Destination – Sebring Regional Airport

Sebring Regional Airport was originally constructed in 1940 as Hendricks Field, a B-17 Flying Fortress crew training base of the US Army Air Corps, later the US Army Air Forces.

In 1940, Sebring Officials and citizens contacted their Florida congressional delegation to see about getting an Army base in the area. A committee of four representatives of the City of Sebring traveled to Washington D.C. to lobby for locating a military activity in the vicinity of Sebring. The motivation was both patriotic and financial. The city wished to offer its facilities for the war effort while obtaining a war-related activity to boost the area economy. Sebring offered a central location in the state with availability of railroad, power, water and housing backed by a record of cooperation by city officials and citizens.

In the summer of 1940, and in early 1941, a group of Army Air Corps officers surveyed the area. On June 12, 1941, Congressman J. Hardin Peterson advised that an area of 9,200 acres (3,700 ha) of woodland had been approved for a basic flying school. The City of Sebring purchased the land and leased it to the government at $1 per year for 99 years. With the end of the war in 1945, the training program began to wind down during September and October, and by mid-November the order came to inactivate the base by December 31, 1945. Photo shows training planes!

On February 21, 1946, the city received a permit to operate a civilian airfield on the site and on May 1, 1946, the abandoned airfield was turned over to the City of Sebring to become Sebring Air Terminal, now Sebring Regional Airport & Commerce Park.

In May 1946, the city began airfield operations under a Right of Entry Permit and the field’s first two occupants, Eighth Air Depot and Veterans’ Airlines, opened for business. Both companies provided aircraft repair and maintenance. Under the permit, the airfield, three hangars and all buildings immediately adjacent to the landing area were turned over to the City of Sebring.

In January 1947, unable to secure absolute title to the field, the City of Sebring agreed to take over management of the airport. The airport’s name was changed to Sebring Air Terminal to avoid confusion with the wartime activities and to give it an advantage in attracting industry to the field. Under the terms of the transfer from the U.S. Government, the airport buildings could not be used for any purpose other than one relating to aviation. They included six connected with the field’s water supply, nine buildings associated with sewerage, nine administrative buildings involved in care of the field, one building housing electrical equipment, one building with telegraphic equipment and eight buildings housing equipment for the repair of aircraft. The Army Air Force reserved the right of use of 25 percent of the capacity of the field during peace time. Some 221 other buildings on the base site were not included and remained the property of the government. Soon after assuming management of the field, the city sold most of the airport land so that, essentially, the present airport property line was formed. In June 1947, the City of Sebring purchased the railroad system at Hendricks Field for $4,000.  Photo shows original switchboard.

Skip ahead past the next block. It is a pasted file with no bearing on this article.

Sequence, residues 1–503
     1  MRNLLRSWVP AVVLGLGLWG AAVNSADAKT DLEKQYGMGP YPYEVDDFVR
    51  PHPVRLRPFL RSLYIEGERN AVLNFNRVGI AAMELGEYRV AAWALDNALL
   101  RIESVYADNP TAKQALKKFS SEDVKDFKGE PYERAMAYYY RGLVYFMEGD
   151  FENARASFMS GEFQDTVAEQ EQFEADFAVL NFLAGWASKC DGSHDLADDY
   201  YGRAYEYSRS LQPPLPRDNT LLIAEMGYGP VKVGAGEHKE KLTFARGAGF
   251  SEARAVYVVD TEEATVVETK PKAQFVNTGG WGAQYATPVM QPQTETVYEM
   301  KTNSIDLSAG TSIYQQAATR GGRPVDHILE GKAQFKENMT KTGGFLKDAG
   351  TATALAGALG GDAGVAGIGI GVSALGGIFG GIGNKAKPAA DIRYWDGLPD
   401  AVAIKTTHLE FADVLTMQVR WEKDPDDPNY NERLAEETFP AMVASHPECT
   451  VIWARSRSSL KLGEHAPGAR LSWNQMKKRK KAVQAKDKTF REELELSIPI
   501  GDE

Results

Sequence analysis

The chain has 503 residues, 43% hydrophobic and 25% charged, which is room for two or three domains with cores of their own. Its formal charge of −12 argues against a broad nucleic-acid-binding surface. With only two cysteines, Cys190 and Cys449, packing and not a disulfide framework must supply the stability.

In December 1950, the first sports car endurance race was held. A portion of the old runway system is now Sebring International Raceway, home to the 12 Hours of Sebring which has been held every March since 1952. The race uses the East-West ramp and the closed Runway 9/27, along with some streets of the former air base-turned commerce park. The airport is also home to a business park and is a Department of Commerce-certified Foreign Trade Zone—FTZ No. 215

In November 1958, the City Council passed an ordinance establishing an Airport Advisory Committee to make recommendations to the City of Sebring relative to the operation, management and control of the Sebring Air Terminal..

In 1967, the city turned over the deed of the airport to the Sebring Airport Authority, which had just been formed by the State Legislature.

Only the main hangar, restored in 2000, is now in use. New water and sewage systems were completed, and the military’s former high water tower, a very noticeable landmark, was brought down in December 1997. The original military control tower was brought down in December 1999 and has been restored and re-erected as a historical icon, although the airport continues to operate as an uncontrolled airfield.

Currently a restaurant, the Runway Café, operates on the premises.  Every Wednesday morning, there’s a fly-in of small planes

Clue 4: Champions in Red

coming for breakfast.  The restaurant opens at 8:00am.  If you arrive by 7:30am, you can watch the fly-ins, which start about 7:45. and enjoy breakfast, too.  The pilots only stay for about an hour so be early.  Restaurant hours are M-F from 8:00am-2:30pm; Sat-Sun from 7:00am-2:30pm.

References

  FAA Airport Master Record for SEF (Form 5010 PDF). Federal Aviation Administration. Effective May 31, 2012.

    “2011–2015 NPIAS Report, Appendix A” (PDF, 2.03 MB). National Plan of Integrated Airport Systems. Federal Aviation Administration. October 4, 2010.

    “List of Foreign Trade Zones by State”. Import Administration, US Department of Commerce. Retrieved 2007-07-20.

    http://www.sebring-airport.com/history-hendricks.asp

    Rogers, Bill (January 6, 2008). “Aviation Expo Bringing Business To Sebring Airport”. Highlands Today. Retrieved 2008-12-16.

    “11th Sebring Expo overcomes weather, tragedy”. Sport Aviation: 14. March 2015.

  “N25656 Accident description”. Aviation Safety Network. Retrieved August 1, 2010.

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